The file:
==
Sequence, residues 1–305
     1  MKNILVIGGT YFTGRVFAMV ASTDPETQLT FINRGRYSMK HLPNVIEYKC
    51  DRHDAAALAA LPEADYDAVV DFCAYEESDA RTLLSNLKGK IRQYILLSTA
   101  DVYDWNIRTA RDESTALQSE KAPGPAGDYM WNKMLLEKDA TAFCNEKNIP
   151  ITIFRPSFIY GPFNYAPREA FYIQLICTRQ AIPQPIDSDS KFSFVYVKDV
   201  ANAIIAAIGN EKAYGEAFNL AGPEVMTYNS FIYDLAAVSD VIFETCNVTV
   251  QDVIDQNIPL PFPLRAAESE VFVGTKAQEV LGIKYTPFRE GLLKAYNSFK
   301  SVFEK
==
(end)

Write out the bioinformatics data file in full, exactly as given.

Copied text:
Sequence, residues 1–305
     1  MKNILVIGGT YFTGRVFAMV ASTDPETQLT FINRGRYSMK HLPNVIEYKC
    51  DRHDAAALAA LPEADYDAVV DFCAYEESDA RTLLSNLKGK IRQYILLSTA
   101  DVYDWNIRTA RDESTALQSE KAPGPAGDYM WNKMLLEKDA TAFCNEKNIP
   151  ITIFRPSFIY GPFNYAPREA FYIQLICTRQ AIPQPIDSDS KFSFVYVKDV
   201  ANAIIAAIGN EKAYGEAFNL AGPEVMTYNS FIYDLAAVSD VIFETCNVTV
   251  QDVIDQNIPL PFPLRAAESE VFVGTKAQEV LGIKYTPFRE GLLKAYNSFK
   301  SVFEK